A brief screening tool for knee pain in primary care (KNEST). 2. Results from a survey in the general population aged 50 and over

Rheumatology (Oxford). 2004 Jan;43(1):55-61. doi: 10.1093/rheumatology/keg438. Epub 2003 Aug 15.


Objective: To use a brief screening tool to identify knee pain (all knee pain, non-chronic and chronic knee pain) and associated health-care use in the general population aged 50 yr and over.

Methods: A cross-sectional survey was mailed to 8995 individuals registered with three general practices in North Staffordshire, UK. The questionnaire included a Knee Pain Screening Tool (KNEST), the Short Form 36 (SF36), demographic questions and, for those who reported knee pain, the Western Ontario and McMaster Universities Osteoarthritis Index (WOMAC).

Results: The survey achieved a 77% response. The 12-month period prevalence of all knee pain was 46.8% [95% confidence interval (CI) 45.6%, 48.0%]. Figures for non-chronic knee pain (pain of less than 3 months duration) and chronic knee pain (pain of more than 3 months duration) were 21.5% (95% CI 20.5%, 22.5%) and 25.3% (95% CI 24.3%, 26.4%) respectively. An estimated 6% of the older population had non-chronic but severe knee pain or disability. Thirty-three per cent of all knee pain sufferers had consulted their general practitioner (GP) about their symptom in the last year. This included 34% of those with non-chronic but severe knee pain or disability and 56% of those with chronic and severe knee pain or disability. The use of private treatments or services for knee pain was minimal. A third of those with chronic and severe knee pain or disability had not used any services (including GP) in the last year.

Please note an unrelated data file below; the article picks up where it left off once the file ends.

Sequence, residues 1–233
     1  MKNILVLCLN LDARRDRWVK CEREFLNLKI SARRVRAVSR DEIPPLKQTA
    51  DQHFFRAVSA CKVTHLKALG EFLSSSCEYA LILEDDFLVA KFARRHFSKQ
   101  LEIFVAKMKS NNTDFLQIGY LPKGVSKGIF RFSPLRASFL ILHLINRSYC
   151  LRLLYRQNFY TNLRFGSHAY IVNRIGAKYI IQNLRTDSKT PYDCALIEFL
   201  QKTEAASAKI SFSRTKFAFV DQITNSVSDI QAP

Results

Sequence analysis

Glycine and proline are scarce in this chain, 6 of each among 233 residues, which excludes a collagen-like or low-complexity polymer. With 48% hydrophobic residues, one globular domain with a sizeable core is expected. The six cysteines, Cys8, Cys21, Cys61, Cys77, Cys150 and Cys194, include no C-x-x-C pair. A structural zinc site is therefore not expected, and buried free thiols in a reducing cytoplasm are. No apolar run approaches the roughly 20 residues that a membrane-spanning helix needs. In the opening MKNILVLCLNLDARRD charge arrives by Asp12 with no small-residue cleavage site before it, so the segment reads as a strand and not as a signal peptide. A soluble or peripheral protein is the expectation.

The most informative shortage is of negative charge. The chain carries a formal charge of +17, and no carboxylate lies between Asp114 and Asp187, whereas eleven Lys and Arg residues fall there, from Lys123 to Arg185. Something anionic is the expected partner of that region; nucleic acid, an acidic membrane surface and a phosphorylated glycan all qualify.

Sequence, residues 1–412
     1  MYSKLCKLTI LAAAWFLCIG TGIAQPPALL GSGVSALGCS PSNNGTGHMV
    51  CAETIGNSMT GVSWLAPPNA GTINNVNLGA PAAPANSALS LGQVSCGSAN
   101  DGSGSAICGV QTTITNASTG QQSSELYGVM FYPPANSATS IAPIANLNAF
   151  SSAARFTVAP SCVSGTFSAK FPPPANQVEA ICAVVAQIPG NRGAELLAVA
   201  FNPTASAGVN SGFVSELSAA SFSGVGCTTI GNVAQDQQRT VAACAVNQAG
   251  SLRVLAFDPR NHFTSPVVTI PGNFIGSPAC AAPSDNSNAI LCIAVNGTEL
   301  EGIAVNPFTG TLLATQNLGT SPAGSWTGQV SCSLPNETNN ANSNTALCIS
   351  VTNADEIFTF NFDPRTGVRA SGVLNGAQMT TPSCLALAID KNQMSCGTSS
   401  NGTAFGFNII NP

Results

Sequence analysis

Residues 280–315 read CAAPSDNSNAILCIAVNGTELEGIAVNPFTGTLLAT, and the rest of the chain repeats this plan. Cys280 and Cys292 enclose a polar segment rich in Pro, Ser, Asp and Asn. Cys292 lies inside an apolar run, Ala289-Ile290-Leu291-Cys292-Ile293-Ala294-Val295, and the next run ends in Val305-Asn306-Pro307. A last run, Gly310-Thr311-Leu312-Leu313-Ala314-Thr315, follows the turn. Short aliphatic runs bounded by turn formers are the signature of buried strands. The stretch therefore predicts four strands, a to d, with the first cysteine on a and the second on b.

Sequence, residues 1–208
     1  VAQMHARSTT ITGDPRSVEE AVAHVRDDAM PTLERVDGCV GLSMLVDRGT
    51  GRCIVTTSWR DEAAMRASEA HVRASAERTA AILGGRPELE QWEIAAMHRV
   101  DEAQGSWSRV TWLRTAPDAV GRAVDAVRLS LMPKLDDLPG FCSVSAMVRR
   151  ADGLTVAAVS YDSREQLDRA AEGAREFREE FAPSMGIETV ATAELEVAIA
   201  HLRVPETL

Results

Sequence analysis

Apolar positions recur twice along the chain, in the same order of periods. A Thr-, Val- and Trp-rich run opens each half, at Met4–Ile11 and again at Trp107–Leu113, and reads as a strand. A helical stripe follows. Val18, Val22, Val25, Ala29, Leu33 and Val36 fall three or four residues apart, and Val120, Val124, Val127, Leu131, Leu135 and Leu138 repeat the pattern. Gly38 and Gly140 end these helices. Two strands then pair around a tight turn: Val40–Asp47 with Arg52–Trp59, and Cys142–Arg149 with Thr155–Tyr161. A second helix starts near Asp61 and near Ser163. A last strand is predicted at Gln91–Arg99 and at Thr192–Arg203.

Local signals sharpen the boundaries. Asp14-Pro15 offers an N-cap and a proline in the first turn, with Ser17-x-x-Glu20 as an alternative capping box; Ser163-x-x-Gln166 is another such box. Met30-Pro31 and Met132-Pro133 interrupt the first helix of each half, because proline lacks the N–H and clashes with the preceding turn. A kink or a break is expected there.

Conclusions: The KNEST is a simple tool for the identification of individuals with knee pain and their health-care use. Focusing only on chronic knee pain will underestimate the total need and demand for health-care in knee pain sufferers in the general older population, as non-chronic as well as chronic knee pain has a significant impact on people's lives and on their use of primary health-care. The KNEST, when combined with the WOMAC, identifies population groups who have potentially diverse health-care needs and who might benefit from effective health-care. These data can be used alongside evidence on effective treatments by service planners when considering needs for the care of older adults in primary care.

Publication types

  • Research Support, Non-U.S. Gov't

MeSH terms

  • Aged
  • Chronic Disease
  • Cross-Sectional Studies
  • England
  • Female
  • Health Services Needs and Demand
  • Health Surveys
  • Humans
  • Knee Joint / pathology*
  • Male
  • Middle Aged
  • Pain / pathology*
  • Patient Acceptance of Health Care*
  • Prevalence
  • Primary Health Care*
  • Surveys and Questionnaires